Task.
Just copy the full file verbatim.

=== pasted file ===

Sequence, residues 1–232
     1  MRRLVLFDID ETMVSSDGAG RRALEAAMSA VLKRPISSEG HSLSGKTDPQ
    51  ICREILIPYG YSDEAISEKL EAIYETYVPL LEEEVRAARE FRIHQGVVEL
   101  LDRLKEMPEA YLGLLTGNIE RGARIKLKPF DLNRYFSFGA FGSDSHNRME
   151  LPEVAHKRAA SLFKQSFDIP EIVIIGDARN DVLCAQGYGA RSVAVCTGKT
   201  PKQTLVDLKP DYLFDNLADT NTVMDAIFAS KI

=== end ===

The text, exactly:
Sequence, residues 1–232
     1  MRRLVLFDID ETMVSSDGAG RRALEAAMSA VLKRPISSEG HSLSGKTDPQ
    51  ICREILIPYG YSDEAISEKL EAIYETYVPL LEEEVRAARE FRIHQGVVEL
   101  LDRLKEMPEA YLGLLTGNIE RGARIKLKPF DLNRYFSFGA FGSDSHNRME
   151  LPEVAHKRAA SLFKQSFDIP EIVIIGDARN DVLCAQGYGA RSVAVCTGKT
   201  PKQTLVDLKP DYLFDNLADT NTVMDAIFAS KI